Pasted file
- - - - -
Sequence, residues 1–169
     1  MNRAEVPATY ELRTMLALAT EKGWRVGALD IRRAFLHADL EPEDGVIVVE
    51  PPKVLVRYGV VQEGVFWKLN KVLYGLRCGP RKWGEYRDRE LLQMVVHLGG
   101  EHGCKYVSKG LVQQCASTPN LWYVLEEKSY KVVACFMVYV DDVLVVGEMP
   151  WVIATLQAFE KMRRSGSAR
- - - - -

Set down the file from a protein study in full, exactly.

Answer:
Sequence, residues 1–169
     1  MNRAEVPATY ELRTMLALAT EKGWRVGALD IRRAFLHADL EPEDGVIVVE
    51  PPKVLVRYGV VQEGVFWKLN KVLYGLRCGP RKWGEYRDRE LLQMVVHLGG
   101  EHGCKYVSKG LVQQCASTPN LWYVLEEKSY KVVACFMVYV DDVLVVGEMP
   151  WVIATLQAFE KMRRSGSAR